By Tom Charity
Special to CNN
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(CNN) -- By rights he should be well into middle age, but James Bond turns 21 (movies, that is) here with a new look and a fresh start.
Double-0-seven can't compete with Tarzan or Godzilla for screen outings, but neither of these worthies can match him for consistency.
His escapades stretch back to the Cuban Missile Crisis and span nine U.S. presidents, notwithstanding a six-year moratorium after the fall of the Berlin Wall (and the toppling of Timothy Dalton).
Judging by the box office returns for the last film, he's lost little of his appeal; the dire "Die Another Day" made $432 million worldwide.
The changing of the guard has become a significant element in the long-term sustainability of the franchise, and the most compelling reason to see "Casino Royale" is obviously to check out Bond Mark VI, Daniel Craig.
Breathe easy -- he passes the test with flying colors.
And you need not read too much into an early crack about the short life expectancy of the double 0s, since he's already signed on for two more films.
Well established in the UK for dramatic roles in "Mother" and "Enduring Love," Craig may be more familiar to American audiences for his supporting turns in "Munich," "Infamous" and "Lara Croft: Tomb Raider."
Blond, muscular and pugnacious, he is closer to Sean Connery's working-class insolence than his smarmier successors. This is a utilitarian, back-to-basics Bond, a "blunt instrument," as M (Judi Dench) puts it (echoing Bond author Ian Fleming), stripped of the knowing smirk and salacious wink.
Which is not to say Craig's Bond isn't cocky -- that's his designated character flaw -- but the rough edges haven't been shaved off yet.
"Shaken or stirred?" inquires a barman.
"Do I look like I give a damn?" Bond shoots back.
It's appropriate the vehicle for this relaunch should be Fleming's first novel. "Casino Royale" was filmed as a spoof in 1967, but it's no more inherently ridiculous than any of the others, and the (quite faithful) new version leans over backward to play down the series' more decadent accoutrements: the girls, the gadgets and the gizmos (though not, alas, the product placement).
Although bad guy Le Chiffre (Mads Mikkelsen) has acquired the baroque habit of crying blood, he's a banker looking for profit, not a megalomaniac thirsting for world domination.
Too bad for him Bond foils a plan to blow up a prototype super-sized airliner at Miami airport (the second of the film's big three action set-pieces). After taking a bath at the stock market, Le Chiffre organizes a multimillion-dollar private poker tournament to win back his dodgy clients' money.
The British Treasury stakes Bond to the tune of $10 million, but sends Vesper Lynd (Eva Green) along to keep tabs on the taxpayers' investment. Given Le Chiffre's glaringly obvious "tell," it seems like a good bet.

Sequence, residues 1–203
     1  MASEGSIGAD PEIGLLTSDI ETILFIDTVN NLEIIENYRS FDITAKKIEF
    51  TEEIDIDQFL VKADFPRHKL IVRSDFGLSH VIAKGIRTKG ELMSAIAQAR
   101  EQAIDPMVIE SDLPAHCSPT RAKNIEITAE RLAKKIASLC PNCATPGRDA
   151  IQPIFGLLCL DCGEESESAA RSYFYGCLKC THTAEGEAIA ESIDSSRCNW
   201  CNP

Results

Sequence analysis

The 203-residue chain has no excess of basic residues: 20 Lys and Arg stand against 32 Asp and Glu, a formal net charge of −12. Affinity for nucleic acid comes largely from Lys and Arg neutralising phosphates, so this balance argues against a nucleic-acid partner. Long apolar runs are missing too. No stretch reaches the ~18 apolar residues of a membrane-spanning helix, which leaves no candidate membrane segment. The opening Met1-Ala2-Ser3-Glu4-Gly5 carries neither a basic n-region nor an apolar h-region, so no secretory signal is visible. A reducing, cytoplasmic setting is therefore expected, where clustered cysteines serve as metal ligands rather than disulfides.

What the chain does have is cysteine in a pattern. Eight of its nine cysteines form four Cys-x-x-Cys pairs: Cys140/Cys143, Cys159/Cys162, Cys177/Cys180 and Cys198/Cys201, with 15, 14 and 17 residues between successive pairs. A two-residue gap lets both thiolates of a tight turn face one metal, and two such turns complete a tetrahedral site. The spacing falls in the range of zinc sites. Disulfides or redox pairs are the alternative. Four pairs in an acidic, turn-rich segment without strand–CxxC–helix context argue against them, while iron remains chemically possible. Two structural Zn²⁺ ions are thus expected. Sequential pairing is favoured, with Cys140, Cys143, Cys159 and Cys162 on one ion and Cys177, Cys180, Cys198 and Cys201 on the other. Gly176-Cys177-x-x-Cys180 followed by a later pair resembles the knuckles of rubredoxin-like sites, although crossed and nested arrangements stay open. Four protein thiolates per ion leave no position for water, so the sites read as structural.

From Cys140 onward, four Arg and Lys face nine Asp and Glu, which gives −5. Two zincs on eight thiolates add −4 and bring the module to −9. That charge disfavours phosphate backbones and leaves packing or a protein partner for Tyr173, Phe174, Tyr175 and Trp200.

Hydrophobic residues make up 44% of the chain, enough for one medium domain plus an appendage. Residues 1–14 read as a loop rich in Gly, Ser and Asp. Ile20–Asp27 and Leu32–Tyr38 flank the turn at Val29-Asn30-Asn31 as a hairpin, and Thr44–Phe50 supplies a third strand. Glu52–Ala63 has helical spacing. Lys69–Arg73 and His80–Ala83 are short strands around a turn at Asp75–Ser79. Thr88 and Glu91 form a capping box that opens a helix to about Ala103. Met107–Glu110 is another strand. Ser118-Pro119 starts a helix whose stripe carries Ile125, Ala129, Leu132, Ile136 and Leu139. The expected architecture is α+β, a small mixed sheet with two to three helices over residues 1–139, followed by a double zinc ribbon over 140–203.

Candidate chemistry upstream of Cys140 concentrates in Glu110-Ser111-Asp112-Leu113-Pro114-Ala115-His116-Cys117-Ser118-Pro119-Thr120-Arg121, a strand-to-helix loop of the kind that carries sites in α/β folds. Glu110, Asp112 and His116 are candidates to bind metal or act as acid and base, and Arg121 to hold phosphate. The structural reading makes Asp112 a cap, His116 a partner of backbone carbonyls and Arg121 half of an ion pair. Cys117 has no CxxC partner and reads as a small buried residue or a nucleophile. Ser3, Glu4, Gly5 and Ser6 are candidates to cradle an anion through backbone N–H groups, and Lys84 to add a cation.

And speaking of tells, there's no way of knowing for sure which parts of the script belong to Neal Purvis and Robert Wade (veterans of the last two Brosnan Bonds) and which were glossed by the seemingly ubiquitous Paul Haggis ("Crash," "Million Dollar Baby"), but the old-school romantic sparring between Vesper and Bond has the double Oscar winner's fingerprints all over it: both for the gallant stab at sophisticated repartee and the earnest attempts to invest these fantasy figures with psychological depth.
He even pokes around for some vestige of dormant humanity in the disquietingly professional killer.
This Bond bleeds and bruises, though he also gives as good as he gets. Then he goes sappy on us -- another lesson to be learned over time (144 minutes of it). In this fourth act the movie finally overplays its hand.
Despite Green's spirited performance, the plot stops dead in its tracks for a spot of lethargic and unconvincing R & R. When the expected twist finally arrives, the climactic showdown in a Venetian townhouse doesn't muster the emotional wallop exacted by "On Her Majesty's Secret Service" in similar circumstances.
Still, there's clearly life in the old dog yet. Bond may or may not be relevant in the New World Disorder, but against all odds he remains a potent figure.
Consider: As usual, the filmmakers serve their best up front. It's a high-wire chase scene starting in a construction site and ending with a shoot-'em-up in an (unnamed) embassy. The bit is an uproarious demonstration of sheer reckless endeavor. No introductions are necessary. Who else could it be?
"Casino Royale" runs 144 minutes and is rated PG-13. For Entertainment Weekly's take, click here.
Daniel Craig assumes James Bond's license to kill in "Casino Royale."
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